Kentucky King of Taros
Poi, a traditional edible starch of the tropics, made from the ground corms of taro, can’t keep up with its popular starchy rivals—potato, corn and rice. But its ornamental qualities have come out of the shadows in the last ten years. The tropical plant, commonly known as elephant ears, has become a go-to, seasonal foliage plant. Brian Williams, a breeder from a surprising temperate taro outpost, along the outer edges of the Bluegrass on North Preston Highway in Louisville, Kentucky, has been working magic.
Poi has plenty of enthusiasts. Brian Williams is not one of them. He tasted poi once at an aroid conference at the Fairchild Botanic Gardens in Coral Gables, FL. “Pasty,” he said matter of factly, though quickly acknowledged it probably could be doctored up to make it taste better. Brian won’t belittle anything to do with taro, Colocasia esculenta, or its other Araceae family kin—Jack-in-the pulpit, Philodendron, skunk cabbage, Caladium and voodoo lily. He loves aroids.
Hawaiian grocery store stockers, last January, seemed puzzled that I’d be interested in poi at all, but they were keen to tell me what to look for. There was no consensus on flavor. Some liked it; others grimaced.
Freshness distinguishes sweet poi from a naturally fermented sour version that progresses the longer it sits on shelves. Poi gourmands can choose sweet or sour. It’s a matter of taste. Take your pick.
Poi was squeezed into 16-ounce plastic bags, sitting forlornly in the produce section of Hasegawa’s Grocery in Hana, Hawaii. The poi had the curbside appeal of a colostomy bag and the viscosity of axle grease. Surely, producers can make a better presentation.
On a taste-o-meter, Poi struggles with the bland reputation that grits once had. When either starch is served unadorned, there’s not much to like. But you can add sizzle to grits with sharp cheddar cheese, pickled ramps (Allium tricoccum) and hot sauce. Poi needs that kind of help.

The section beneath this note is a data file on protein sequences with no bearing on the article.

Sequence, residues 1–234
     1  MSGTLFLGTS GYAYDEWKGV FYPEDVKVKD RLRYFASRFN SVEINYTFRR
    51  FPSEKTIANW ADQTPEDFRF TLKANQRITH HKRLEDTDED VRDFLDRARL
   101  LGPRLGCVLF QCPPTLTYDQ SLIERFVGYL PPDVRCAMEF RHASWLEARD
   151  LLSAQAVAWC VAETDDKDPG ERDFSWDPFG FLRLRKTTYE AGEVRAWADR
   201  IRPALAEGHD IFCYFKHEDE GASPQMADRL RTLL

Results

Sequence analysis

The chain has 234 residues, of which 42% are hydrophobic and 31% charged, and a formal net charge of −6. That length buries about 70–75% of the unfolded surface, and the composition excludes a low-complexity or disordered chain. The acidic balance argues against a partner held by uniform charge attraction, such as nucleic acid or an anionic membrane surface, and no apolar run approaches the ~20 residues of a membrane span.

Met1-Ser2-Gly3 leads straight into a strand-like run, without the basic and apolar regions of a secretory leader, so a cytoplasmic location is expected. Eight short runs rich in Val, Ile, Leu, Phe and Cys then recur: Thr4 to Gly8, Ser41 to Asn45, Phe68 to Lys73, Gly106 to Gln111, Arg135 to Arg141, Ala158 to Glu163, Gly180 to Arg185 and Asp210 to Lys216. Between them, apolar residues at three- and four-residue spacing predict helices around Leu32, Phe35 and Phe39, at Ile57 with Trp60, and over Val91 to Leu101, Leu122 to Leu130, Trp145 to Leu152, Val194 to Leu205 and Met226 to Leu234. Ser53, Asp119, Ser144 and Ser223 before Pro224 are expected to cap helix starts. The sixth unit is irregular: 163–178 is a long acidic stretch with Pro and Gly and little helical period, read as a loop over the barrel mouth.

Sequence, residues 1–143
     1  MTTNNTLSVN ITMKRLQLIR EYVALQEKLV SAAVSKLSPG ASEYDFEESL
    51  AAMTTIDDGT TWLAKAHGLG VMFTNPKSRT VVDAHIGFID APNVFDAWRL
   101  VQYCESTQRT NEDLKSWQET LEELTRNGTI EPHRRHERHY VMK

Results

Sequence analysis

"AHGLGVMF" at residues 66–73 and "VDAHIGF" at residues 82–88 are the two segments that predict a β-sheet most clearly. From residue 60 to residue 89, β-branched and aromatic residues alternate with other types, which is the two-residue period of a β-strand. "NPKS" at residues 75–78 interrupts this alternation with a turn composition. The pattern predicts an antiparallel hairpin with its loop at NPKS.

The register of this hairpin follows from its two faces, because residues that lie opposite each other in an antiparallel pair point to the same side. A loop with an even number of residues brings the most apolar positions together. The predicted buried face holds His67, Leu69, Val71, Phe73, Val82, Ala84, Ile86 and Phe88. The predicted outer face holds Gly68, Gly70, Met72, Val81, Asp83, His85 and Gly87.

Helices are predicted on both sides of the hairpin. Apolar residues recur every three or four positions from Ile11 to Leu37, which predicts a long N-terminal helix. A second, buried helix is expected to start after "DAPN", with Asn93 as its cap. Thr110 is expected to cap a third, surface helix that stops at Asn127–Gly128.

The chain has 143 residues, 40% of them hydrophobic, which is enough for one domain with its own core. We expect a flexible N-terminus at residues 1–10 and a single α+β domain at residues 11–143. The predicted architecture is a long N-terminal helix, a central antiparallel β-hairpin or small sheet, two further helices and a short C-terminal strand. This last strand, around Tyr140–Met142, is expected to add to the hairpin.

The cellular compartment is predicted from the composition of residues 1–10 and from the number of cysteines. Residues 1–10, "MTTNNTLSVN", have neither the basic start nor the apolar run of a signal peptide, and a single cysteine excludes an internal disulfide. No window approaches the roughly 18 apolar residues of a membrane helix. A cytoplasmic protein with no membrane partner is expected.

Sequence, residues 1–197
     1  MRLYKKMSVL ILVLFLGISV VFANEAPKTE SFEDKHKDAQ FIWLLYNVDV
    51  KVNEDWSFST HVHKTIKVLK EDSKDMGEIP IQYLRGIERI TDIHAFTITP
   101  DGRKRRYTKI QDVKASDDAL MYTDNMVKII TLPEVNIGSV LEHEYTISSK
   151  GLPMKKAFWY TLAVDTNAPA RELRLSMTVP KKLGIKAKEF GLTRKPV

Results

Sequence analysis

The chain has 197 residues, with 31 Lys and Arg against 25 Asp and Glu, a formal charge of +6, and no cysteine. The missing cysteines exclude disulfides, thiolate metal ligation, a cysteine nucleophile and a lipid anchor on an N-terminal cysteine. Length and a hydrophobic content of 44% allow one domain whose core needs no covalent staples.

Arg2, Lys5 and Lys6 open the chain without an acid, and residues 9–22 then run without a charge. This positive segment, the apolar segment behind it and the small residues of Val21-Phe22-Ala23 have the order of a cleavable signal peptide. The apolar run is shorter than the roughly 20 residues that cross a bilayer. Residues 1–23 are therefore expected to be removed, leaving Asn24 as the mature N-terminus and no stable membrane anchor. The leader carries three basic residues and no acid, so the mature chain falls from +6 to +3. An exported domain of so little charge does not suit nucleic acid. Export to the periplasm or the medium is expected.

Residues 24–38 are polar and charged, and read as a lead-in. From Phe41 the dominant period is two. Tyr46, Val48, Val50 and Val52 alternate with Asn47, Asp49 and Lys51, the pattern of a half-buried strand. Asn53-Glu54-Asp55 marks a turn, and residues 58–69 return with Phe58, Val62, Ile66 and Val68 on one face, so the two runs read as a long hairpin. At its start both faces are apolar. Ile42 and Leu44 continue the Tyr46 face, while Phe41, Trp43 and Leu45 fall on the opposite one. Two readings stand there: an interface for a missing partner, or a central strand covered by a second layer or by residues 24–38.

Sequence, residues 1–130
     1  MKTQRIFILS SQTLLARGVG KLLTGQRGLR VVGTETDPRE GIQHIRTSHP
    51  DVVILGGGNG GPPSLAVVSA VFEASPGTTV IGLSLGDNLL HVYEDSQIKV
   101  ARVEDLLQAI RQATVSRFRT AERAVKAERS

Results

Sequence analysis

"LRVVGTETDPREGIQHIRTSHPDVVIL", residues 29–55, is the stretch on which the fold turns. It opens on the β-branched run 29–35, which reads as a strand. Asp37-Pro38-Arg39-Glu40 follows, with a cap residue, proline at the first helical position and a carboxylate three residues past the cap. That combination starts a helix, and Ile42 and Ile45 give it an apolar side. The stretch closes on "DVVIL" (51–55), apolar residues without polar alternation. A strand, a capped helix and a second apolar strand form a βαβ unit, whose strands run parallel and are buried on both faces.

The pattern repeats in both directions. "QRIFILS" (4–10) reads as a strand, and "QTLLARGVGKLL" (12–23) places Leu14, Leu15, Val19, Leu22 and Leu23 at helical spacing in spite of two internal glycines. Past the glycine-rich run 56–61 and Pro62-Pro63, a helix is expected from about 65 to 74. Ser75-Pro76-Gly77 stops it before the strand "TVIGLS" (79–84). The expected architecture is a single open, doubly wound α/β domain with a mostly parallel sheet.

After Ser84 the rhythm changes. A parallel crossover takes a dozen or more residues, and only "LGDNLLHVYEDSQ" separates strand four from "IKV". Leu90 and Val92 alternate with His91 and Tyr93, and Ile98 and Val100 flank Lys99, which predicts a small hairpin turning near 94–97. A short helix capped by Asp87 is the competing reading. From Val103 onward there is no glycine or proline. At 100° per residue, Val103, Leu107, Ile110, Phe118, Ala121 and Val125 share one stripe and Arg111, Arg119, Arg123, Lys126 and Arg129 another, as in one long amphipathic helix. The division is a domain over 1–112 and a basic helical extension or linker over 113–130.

McDonalds thinks there is an upside to taro, too. They’re making a run with Taro Pie in Asian and Hawaiian stores, based on a formula resembling their apple turnover— substituting apples with poi. The upshot: if you bake even the dullest foodstuff inside a doughy crust and smother it with enough sugar, you can disguise its flavor.
I tried ladling my own bowl full of poi at the sweeter end of the spectrum. I cut-up a banana and sprinkled coconut chips, sweetened with cane sugar. Not quite the breakfast bomber of a Taro Pie, but it was tasty. Not a likely staple, but I don’t do grits for breakfast every morning, either.
The nursery name, Brian’s Botanicals, is perfectly suited: There’s a guy named Brian who is nuts about plants. Brian Williams crossed the threshold of plant geekdom at a young age. The thirty-six year old grew-up in a nursery family. He started growing carnivorous plants when he was twelve. A few years later, he became interested in turtles; that led to ponds and companion plants. He was selling and swapping rare aroids—Philodendrons and Alocasias (upright elephant ears)—by the time he was twenty. By 2000 he had introduced Colocasias ‘Big Dipper’ and ‘Pink China’. In addition to nine Colocasia introductions—with more in the pipeline—Brian has recently offered Canna ‘Maui Punch’ PP#23931 and the bizarre-looking Caladium ‘Painted Dart Frog’.
Brian does all of his summer breeding outdoors. A friend and greenhouse grower sows the current year seeds in January in a sweatbox heated to 85 F. Germination begins uniformly in three to five weeks when he uses the current year’s seed harvest. Germination is diminished about 10% each year, using older seeds.
Louisville dipped to –5 F this January (our first normal Zone 6b winter in awhile), but Brian’s trial beds of Cannas, Colocasias and Alocasias fared well. Ordinarily, Colocasias are cold-hardy from Zones 7b to 8a (5 to 10 F). The trick to squeezing out a little extra winter hardiness: the right mulch. Brian applies 12 inches of chopped leaves. Hardwood mulch will also work, but pine needles, hay or cypress mulch won’t. Brian applies nitrogen-rich urea (you can buy it from him) in mid-to-late winter. This heats up the leaf pile. By late spring the plants emerge, and the leaf pile rots down to one inch of compost.
Brian has an impressive collection of rare tropical plants on North Preston Highway, but he has never seen any tropical aroids in the wild. He has been invited to go to Malaysia this year and is excited about the prospect of seeing new species in native habitats.
Brian promises he will try tasting poi again.
on May 14, 2014 at 6:38 am, in the category Eat This, Unusually Clever People.